Significance of Clay Houses of West Bengal
Bengal is not rich in good stone for building, so the traditional form of Bengali architecture included mostly the use of brick and wood. Now keeping at par with this similar kind of architecture, the rural population of the state modified the concept a little and used clay to built houses, which in turn symbolised a nucleus around which the rural population of Bengal had come to exist.
Architecture of Clay Houses of West Bengal
Architecturally simple, the first of its kind clay houses of West Bengal were built with curved straw roofs. These straw curved roofs were between 2 to 8 tiered and sometimes even 12 tiered. Designs were made, like the shape of two peacocks by folding the two ends of the top layer of the straw roofs. Other than straw, the artisans sometimes used to dabble with tin as a roofing component but maintained their traditional decor by bending the tin sheets.
The clay houses of West Bengal with straw roofs were popular even among the independent sultans of Gaur Bengal, who were so impressed by the sheer simplistic beauty of it that they started to construct their very own straw roofed buildings for holding religious ceremonies. There were temples constructed similar to the design of these prayer buildings and it attracted the British rulers who used this similar style of architecture while building their bungalows or dak bungalows. The walls of these houses were covered with plaster known as uluti, tushuti, patuti, etc and then the smooth surface was decorated with bas- relief designs of clay. These decorations usually had motifs of flowers, creepers, animals and birds.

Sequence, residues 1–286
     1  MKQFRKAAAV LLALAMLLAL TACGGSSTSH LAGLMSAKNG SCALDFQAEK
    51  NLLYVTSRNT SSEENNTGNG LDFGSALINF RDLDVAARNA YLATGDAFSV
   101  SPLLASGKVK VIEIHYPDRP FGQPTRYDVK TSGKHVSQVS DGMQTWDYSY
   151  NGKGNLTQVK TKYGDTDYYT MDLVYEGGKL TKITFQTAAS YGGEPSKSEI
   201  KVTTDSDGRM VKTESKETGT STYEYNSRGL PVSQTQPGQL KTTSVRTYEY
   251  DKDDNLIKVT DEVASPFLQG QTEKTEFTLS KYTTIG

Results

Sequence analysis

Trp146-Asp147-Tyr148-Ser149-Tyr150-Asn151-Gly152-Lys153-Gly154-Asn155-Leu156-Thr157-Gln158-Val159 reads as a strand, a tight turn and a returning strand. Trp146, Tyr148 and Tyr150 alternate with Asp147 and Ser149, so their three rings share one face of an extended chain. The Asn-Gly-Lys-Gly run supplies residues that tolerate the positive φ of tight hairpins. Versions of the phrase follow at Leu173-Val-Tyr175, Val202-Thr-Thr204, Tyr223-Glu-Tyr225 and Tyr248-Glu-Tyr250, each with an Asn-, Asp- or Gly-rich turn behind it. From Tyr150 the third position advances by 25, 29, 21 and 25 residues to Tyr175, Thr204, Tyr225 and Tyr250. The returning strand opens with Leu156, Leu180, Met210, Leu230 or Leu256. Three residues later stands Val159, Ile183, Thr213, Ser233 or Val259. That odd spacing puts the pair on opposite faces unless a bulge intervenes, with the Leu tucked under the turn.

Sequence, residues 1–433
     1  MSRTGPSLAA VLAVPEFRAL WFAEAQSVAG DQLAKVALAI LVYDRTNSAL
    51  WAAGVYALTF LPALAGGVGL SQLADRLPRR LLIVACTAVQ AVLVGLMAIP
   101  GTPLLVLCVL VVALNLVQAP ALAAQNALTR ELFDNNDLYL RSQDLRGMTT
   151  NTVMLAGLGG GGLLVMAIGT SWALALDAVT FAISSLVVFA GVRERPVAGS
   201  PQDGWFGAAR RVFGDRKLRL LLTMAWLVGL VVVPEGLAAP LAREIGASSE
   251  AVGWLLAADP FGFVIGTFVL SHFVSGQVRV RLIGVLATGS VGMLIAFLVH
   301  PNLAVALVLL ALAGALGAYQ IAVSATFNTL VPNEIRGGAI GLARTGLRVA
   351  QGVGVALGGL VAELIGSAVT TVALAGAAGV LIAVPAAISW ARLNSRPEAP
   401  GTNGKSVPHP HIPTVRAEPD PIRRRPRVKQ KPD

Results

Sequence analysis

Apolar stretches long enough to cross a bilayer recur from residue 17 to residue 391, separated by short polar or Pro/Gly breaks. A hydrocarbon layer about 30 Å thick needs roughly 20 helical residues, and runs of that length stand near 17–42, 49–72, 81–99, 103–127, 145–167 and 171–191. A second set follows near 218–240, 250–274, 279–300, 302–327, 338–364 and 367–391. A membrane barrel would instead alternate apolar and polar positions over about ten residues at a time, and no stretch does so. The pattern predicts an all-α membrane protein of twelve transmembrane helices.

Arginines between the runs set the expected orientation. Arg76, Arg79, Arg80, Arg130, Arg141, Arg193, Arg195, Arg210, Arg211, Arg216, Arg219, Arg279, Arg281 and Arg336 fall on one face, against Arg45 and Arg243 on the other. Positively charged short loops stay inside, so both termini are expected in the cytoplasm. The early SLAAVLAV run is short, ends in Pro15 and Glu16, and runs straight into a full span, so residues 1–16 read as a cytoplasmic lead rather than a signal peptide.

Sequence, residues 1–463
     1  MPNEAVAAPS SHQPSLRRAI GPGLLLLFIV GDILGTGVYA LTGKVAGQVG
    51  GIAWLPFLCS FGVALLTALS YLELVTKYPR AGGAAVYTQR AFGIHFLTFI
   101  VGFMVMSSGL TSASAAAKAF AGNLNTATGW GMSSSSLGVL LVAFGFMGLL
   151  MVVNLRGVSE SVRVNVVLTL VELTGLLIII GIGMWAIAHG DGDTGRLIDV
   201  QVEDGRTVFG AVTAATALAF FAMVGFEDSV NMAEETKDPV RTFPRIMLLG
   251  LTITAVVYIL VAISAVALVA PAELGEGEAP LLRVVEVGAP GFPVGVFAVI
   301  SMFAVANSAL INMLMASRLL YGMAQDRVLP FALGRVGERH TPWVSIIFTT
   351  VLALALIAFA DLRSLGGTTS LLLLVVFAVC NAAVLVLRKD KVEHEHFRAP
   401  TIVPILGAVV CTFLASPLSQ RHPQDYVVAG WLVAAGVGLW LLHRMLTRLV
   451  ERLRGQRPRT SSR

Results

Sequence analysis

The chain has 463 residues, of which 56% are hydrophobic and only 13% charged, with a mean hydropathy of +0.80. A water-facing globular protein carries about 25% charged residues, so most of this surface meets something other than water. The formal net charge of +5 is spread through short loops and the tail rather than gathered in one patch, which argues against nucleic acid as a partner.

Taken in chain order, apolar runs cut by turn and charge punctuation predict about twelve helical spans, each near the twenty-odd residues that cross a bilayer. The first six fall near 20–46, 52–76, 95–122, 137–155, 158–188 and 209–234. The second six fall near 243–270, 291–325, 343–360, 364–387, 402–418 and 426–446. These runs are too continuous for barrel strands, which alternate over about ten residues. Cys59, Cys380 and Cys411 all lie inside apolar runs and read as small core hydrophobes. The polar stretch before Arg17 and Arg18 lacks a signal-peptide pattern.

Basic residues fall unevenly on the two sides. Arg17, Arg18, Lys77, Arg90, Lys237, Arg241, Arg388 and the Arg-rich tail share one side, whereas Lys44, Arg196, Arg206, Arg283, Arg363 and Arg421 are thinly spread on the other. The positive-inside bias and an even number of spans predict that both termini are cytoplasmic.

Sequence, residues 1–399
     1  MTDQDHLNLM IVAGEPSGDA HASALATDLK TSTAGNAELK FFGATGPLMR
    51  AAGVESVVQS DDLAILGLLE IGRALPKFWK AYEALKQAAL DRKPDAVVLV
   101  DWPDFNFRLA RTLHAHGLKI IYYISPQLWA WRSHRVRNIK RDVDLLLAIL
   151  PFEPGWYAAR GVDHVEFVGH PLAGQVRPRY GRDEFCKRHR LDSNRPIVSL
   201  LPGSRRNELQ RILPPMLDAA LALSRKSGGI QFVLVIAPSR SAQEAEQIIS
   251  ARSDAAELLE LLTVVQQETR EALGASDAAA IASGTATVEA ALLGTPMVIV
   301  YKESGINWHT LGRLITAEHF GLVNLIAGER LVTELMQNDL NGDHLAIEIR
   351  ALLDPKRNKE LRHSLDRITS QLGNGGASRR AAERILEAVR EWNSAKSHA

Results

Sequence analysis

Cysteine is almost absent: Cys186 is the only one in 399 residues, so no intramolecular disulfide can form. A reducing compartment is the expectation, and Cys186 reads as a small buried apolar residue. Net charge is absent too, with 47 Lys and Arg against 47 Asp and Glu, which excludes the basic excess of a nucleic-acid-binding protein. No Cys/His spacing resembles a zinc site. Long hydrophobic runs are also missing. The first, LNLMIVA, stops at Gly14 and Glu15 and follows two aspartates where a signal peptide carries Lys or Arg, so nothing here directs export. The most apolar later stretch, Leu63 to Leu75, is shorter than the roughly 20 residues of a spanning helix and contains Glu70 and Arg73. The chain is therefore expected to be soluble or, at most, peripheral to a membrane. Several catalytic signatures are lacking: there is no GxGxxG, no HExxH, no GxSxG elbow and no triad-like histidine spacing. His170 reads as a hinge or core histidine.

Apart from building houses out of clay, the artisans had showed their skill by constructing 2 or 4 tiered pavilions for worshipping the Hindu Gods and Goddesses predominantly Goddess Chandi. They also built pavilions of 4 to 8 tiered for hosting public performances.
The clay houses of West Bengal exhibit the rich cultural diversity and heritage of the state.